Some family stories rise past anecdote to the level of history. Case in point: the amazing tale documented in the newly released second edition of The Legacy of Tamar: Courage, Faith, and the Common Road of Hope in a West Tennessee Community by Nashville attorney Raye Springfield.
The book, originally published in 2000, presents a five-generation examination of Haywood County, Tennessee, told through the experiences of one black family. Springfield’s own legal accomplishments—she has served as assistant general counsel for the Tennessee Board of Regents and assistant state attorney general, and was for fourteen years an administrative law judge—reflects the impressive family history she outlines in The Legacy of Tamar. The Taylor-Springfields were and remain a close-knit group determined not to let racism deprive them of the opportunities supposedly granted to all Americans by virtue of being born in this nation.
Like many others in the area, Springfield’s family members endured vicious oppression and injustice, yet they also enjoyed personal triumphs and advancement. Their story spans many of the great events in twentieth-century history. Both world wars, for example, gave black soldiers from Haywood County the opportunity to see other parts of the world and societies not so rigidly stratified by color.
But primarily Springfield’s book spotlights Haywood Country—and by extension Brownsville, Tennessee—and its unique place within the state’s history. Despite outnumbering whites two to one, black residents endured for decades a status not greatly improved over abject slavery. The Taylor-Springfields occupied a special position in the county, nevertheless, because they were one of the very few black families who owned property outright. They also were smart enough to foresee coming societal changes, most notably the shift from rural to urban lifestyles, in time to adjust to the changes.
Every incident in The Legacy of Tamar illustrates how far blacks in Brownsville and Haywood County had come, but also how much further they and the nation still had to go:
After talking for a while, Lee or Tony would call out to him and ask, “What you think about that, Pops?” Sometimes they tried to get him to agree with them by asking, “Ain’t that right, Papa?” Tonnie just laughed. Once one of the boys said, “Pops, they tell me you voted in the last presidential election . You didn’t vote for Nixon, did you?” They knew that Tonnie and Opal had both registered and voted for the first time in the 1968 election. They both voted for the Democratic candidate, Hubert H. Humphrey, but the boys asked anyway.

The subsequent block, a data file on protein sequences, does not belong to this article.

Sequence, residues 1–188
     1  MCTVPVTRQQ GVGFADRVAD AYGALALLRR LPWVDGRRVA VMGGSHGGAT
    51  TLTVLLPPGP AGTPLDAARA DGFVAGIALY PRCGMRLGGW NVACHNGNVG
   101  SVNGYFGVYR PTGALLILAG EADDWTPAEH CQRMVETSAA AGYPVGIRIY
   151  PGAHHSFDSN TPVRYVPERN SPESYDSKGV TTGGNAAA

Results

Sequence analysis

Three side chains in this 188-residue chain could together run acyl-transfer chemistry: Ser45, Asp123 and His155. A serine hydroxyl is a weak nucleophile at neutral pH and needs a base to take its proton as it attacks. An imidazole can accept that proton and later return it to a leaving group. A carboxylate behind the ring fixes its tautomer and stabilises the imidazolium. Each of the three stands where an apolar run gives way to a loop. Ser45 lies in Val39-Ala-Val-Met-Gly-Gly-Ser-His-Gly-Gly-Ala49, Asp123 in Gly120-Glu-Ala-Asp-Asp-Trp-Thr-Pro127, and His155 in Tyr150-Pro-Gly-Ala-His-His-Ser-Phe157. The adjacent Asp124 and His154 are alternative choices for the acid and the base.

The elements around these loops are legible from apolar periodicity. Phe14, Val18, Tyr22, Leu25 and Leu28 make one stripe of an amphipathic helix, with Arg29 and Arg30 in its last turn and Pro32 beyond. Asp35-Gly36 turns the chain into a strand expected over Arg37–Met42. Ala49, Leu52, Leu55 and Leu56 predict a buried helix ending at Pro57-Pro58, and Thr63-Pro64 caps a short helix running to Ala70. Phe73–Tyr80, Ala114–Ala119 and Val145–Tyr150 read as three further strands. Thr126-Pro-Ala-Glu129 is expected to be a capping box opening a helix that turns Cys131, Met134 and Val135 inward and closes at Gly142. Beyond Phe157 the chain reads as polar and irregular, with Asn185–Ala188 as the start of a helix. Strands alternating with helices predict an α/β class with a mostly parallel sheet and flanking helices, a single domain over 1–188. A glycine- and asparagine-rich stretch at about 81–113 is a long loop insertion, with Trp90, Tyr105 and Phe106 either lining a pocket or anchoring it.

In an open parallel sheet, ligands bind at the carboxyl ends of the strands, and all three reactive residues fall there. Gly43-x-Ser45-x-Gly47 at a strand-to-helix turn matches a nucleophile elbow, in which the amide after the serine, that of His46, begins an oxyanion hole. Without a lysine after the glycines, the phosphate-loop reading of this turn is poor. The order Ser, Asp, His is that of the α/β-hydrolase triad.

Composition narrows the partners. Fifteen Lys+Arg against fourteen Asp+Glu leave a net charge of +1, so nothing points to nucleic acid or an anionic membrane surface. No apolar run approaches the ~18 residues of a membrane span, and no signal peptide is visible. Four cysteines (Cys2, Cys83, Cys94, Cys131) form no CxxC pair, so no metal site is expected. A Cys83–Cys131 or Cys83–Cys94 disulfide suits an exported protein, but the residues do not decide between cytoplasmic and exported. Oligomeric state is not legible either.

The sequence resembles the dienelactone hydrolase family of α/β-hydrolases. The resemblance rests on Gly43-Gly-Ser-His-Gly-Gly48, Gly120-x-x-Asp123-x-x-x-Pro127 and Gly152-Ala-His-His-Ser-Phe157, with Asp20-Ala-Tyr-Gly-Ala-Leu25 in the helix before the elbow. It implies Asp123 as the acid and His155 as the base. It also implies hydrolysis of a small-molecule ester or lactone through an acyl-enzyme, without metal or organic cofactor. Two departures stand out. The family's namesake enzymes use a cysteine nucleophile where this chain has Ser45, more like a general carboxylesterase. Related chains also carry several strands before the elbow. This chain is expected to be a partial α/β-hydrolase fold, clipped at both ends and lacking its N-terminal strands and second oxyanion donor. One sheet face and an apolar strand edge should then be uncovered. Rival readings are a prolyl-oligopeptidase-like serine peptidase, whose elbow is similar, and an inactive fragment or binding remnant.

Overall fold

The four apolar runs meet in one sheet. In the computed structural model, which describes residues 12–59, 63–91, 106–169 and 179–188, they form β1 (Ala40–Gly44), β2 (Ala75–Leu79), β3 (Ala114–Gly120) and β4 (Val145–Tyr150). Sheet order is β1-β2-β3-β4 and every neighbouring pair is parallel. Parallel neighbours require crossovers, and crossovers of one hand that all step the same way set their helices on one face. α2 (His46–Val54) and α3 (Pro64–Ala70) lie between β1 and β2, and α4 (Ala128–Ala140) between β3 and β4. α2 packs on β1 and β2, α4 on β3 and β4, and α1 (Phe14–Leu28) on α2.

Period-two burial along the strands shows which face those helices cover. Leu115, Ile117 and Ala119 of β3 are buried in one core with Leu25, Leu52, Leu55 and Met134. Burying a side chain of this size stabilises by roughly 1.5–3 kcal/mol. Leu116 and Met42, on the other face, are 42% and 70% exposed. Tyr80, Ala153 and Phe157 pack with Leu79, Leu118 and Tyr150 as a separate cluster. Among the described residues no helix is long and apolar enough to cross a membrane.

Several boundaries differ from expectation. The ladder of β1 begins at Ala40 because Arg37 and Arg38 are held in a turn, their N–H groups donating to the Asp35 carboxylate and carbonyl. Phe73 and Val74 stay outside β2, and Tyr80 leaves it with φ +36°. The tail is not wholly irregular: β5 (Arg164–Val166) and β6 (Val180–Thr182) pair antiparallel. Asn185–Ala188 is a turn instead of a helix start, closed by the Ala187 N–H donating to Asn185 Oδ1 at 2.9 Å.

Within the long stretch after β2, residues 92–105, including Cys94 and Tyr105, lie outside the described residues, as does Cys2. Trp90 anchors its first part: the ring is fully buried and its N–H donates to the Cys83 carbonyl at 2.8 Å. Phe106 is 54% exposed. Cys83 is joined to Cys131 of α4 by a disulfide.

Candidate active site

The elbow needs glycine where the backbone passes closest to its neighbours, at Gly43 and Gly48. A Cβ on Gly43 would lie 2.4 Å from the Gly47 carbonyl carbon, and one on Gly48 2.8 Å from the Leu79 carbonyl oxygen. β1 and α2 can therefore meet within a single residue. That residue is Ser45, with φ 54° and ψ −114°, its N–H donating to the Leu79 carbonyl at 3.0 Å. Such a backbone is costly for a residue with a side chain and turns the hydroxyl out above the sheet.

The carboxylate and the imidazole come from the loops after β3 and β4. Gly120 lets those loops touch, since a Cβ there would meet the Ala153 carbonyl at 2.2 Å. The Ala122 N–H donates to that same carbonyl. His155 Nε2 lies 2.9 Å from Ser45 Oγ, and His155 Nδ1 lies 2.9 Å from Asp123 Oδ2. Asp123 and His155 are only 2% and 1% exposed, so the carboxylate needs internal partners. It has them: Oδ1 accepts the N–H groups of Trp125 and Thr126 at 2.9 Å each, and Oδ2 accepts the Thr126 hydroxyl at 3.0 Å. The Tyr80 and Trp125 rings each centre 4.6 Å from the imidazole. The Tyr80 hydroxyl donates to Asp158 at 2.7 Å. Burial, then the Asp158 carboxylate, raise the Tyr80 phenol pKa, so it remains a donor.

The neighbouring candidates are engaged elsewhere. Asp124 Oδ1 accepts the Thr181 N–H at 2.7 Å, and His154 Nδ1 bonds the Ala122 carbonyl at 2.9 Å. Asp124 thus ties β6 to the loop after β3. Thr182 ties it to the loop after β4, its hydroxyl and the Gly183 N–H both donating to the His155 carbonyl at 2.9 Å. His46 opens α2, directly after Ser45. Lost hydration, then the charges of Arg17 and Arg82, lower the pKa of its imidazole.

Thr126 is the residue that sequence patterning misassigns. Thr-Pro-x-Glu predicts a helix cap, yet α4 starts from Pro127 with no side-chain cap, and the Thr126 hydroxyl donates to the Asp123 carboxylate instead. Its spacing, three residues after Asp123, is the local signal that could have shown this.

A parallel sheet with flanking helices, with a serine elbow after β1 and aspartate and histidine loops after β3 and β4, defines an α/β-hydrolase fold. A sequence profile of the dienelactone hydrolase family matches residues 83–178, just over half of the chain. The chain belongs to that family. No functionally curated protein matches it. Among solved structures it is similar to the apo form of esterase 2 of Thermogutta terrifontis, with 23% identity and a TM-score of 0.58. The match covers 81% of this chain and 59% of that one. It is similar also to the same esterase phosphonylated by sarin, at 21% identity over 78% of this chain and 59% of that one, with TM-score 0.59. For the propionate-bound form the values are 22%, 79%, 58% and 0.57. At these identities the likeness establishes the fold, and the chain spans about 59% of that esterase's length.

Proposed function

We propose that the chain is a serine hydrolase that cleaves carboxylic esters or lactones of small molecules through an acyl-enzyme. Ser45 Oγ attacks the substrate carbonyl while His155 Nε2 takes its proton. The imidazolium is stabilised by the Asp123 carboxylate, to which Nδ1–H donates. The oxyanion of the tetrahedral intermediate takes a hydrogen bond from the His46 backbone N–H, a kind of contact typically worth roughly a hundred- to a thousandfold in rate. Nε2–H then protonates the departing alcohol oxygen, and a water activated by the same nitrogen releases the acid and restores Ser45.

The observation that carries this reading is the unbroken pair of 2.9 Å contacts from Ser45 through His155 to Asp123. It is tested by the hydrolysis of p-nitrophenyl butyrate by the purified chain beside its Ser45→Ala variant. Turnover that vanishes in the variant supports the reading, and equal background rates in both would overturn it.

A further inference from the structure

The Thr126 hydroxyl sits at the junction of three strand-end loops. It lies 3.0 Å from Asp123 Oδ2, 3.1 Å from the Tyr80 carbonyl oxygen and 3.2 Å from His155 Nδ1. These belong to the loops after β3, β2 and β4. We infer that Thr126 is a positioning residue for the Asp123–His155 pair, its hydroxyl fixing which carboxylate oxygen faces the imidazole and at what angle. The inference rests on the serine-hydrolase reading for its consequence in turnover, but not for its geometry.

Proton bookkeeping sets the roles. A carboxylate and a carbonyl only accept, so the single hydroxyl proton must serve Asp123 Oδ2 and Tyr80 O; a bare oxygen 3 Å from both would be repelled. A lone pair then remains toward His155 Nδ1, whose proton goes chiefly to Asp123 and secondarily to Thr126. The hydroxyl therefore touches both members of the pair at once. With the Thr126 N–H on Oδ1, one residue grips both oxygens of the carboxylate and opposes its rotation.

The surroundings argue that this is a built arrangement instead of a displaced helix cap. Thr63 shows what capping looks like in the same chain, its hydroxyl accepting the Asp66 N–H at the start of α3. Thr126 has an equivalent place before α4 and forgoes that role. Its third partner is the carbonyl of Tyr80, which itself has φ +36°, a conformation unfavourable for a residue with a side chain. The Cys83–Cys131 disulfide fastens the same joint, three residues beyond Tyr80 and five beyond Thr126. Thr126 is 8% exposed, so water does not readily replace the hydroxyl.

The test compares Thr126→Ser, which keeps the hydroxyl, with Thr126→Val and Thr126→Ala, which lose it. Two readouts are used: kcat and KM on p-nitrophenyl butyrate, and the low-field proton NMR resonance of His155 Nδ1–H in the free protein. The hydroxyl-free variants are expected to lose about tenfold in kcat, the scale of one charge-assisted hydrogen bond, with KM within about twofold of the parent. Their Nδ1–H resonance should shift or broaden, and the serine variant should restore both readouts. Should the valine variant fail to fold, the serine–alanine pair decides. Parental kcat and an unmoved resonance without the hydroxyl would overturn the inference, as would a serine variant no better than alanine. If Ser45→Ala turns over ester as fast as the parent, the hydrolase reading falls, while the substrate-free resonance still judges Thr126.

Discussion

Of equal value is Springfield’s historical survey of Brownsville and the compelling story of her own family history. Readers vividly see the level of oppression that once existed and get an understanding of how blacks survived in spite of it, fighting it in differing ways as the times allowed. Tales of their success, family reunions, military service, and educational accomplishments reveal how this family, and by extension African-Americans everywhere, didn’t let hard times or bigotry kill their dreams. In the commentary and rhetoric of the youngest members of the Taylor-Springfield family readers encounter a vision of a future society where racial barriers don’t exist and where people interact with each other strictly as humans with different experiences to share and enjoy.
The central event in Springfield’s history is the 1940 abduction and murder of Elbert Williams, the nation’s first NAACP official to suffer this treatment at the hands of a white supremacist mob. He was killed for daring to be part of a voter-registration campaign. This event did not have the intimidating impact on either the Taylor-Springfield family or on Brownsville’s black citizens its perpetrators hoped. Instead of frightening them into submission, it galvanized them into unified and stalwart opposition to the status quo.
This second edition of The Legacy of Tamar brings the story into the new millennium. It’s now been seventy-five years since Williams’s murder, and there have been numerous changes in the area. While neither Brownsville nor America is free of racism, the voter registration campaign that cost Williams his life has been successful enough to allow for the election of a black mayor in 2014. There is also a special celebration—held on June 20, 2015—in honor of Elbert Williams that’s attended by both city and county leaders, as well as more than 500 people. The NAACP’s national president journeys to Brownsville for the ceremony, which includes a march to the cemetery where Williams was first buried in an unmarked grave.
Springfield has written an inspirational chronicle of generational and family triumph every bit as compelling and valuable as any traditional history book.
Ron Wynn is a music critic, author, and editor. His work has appeared in the Nashville Scene, the Tennessee Tribune, the Memphis Commercial Appeal, and Jazz Times, among many others. He lives in Nashville.